California-based Boox plans to ship about 100,000 Boox boxes in 2021, according to CEO Matt Semmelhack, but expects to ship 1.3 million Boox boxes in 2022. Brands are asked to return both the Boox shipper and the internal packaging for reuse. “Over time, e-commerce brands will switch not only to outer shippers like Boox, but also to reusable interior packaging, garment bags, and more.”
Reorienting a business toward reuse may avoid unintended consequences such as finding other raw materials, such as cutting trees by manufacturers to meet the guidelines of the legal text. higher. “Instead of simply giving ‘out’ by making things more recyclable or compostable, we need to accelerate the transition to a circular economy. ”
A refill and reuse system can also be profitable for your business, he adds. “Brands can make the returns process an additional offline touch point after purchase that drives sales, retention, loyalty, and more. All that matters for direct-to-consumer brands.”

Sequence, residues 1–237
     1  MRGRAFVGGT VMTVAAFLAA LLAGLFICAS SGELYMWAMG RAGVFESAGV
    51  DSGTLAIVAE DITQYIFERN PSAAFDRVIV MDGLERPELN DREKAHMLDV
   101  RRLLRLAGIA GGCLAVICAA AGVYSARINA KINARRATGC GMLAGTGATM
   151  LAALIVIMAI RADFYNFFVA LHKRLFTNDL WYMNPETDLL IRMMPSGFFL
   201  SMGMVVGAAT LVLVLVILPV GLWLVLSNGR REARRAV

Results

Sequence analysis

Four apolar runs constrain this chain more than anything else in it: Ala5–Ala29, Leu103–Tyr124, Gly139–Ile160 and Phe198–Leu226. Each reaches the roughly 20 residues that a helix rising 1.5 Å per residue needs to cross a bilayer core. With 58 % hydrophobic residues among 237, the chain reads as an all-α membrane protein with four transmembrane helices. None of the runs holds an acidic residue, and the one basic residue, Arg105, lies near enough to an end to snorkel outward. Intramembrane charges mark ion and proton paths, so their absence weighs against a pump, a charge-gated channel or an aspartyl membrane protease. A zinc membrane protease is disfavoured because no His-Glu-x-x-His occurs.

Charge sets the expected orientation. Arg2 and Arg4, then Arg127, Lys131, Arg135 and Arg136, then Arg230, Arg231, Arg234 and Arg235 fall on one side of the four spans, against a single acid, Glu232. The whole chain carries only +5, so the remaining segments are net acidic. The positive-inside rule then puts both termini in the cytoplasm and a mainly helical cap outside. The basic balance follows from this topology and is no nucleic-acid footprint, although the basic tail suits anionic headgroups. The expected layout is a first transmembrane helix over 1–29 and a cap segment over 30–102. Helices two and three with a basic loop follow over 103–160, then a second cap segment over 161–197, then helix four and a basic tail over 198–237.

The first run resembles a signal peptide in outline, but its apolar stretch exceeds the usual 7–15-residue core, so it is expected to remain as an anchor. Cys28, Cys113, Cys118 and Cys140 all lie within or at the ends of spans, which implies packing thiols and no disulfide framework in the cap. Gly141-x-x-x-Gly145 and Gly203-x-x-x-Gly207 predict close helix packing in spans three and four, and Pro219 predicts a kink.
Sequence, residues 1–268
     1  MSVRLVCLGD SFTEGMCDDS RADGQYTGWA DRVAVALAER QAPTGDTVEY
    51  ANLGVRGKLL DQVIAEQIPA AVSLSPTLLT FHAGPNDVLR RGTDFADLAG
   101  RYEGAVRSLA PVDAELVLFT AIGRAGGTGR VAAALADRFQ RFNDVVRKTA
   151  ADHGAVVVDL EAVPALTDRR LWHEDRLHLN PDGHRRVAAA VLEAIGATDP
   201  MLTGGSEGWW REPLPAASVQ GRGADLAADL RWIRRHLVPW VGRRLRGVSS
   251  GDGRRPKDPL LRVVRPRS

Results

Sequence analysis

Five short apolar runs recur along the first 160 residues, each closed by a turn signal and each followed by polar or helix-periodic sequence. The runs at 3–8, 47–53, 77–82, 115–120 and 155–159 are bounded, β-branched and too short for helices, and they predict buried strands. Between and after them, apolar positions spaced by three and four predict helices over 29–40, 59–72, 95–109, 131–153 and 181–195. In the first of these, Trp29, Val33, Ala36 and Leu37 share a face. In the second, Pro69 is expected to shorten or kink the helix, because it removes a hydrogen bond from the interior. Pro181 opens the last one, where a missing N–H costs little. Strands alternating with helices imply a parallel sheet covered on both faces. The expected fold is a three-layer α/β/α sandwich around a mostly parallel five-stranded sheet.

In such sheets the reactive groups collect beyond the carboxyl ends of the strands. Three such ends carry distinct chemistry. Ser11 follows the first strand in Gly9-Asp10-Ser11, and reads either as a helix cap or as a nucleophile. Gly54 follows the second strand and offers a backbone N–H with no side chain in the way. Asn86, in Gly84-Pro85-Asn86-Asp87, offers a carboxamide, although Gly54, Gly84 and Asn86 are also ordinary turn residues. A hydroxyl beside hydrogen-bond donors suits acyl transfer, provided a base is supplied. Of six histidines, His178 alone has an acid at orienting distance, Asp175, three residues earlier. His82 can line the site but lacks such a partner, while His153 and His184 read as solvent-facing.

Brands already committed to reducing plastic use welcome the bill. Everlane says he has eliminated 90% of virgin single-use plastic from his supply chain by transitioning to recycled plastic poly bags and recycled fibers in apparel, among other changes, adding that the brand Katina Boutis, Sustainability Director at , said they are working on the rest. “We hope that Senate Bill 54 will support us in developing solutions for the last 10% of our goal – trim and elastane. By spurring much-needed innovation,” she says. “Many of the remaining virgin plastics in these areas require material innovations that are not currently available on a large scale.”
Some companies have already found alternatives or methods to avoid common waste-generating products. According to CMO Claudia Allwood, Hailey Bieber’s beauty brand Lord, which launched in June, isn’t offering samples.
In 2020, Credo switched from all single-use plastic, including sample packets and other items such as sheet masks. “The item lasts only a few seconds, but it could last for hundreds of years,” he says Davis. They now have travel-size jars made from upcycled, plastic-free materials that they encourage customers to refill when they want to try new products. The quest for sustainable ways to sample products goes beyond the material itself.